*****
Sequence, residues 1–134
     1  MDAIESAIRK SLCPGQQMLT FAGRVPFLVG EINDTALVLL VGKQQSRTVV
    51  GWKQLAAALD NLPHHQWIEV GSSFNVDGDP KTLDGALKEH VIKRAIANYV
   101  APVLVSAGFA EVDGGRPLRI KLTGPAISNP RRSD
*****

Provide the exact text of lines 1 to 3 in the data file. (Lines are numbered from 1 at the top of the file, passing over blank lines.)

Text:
Sequence, residues 1–134
     1  MDAIESAIRK SLCPGQQMLT FAGRVPFLVG EINDTALVLL VGKQQSRTVV
    51  GWKQLAAALD NLPHHQWIEV GSSFNVDGDP KTLDGALKEH VIKRAIANYV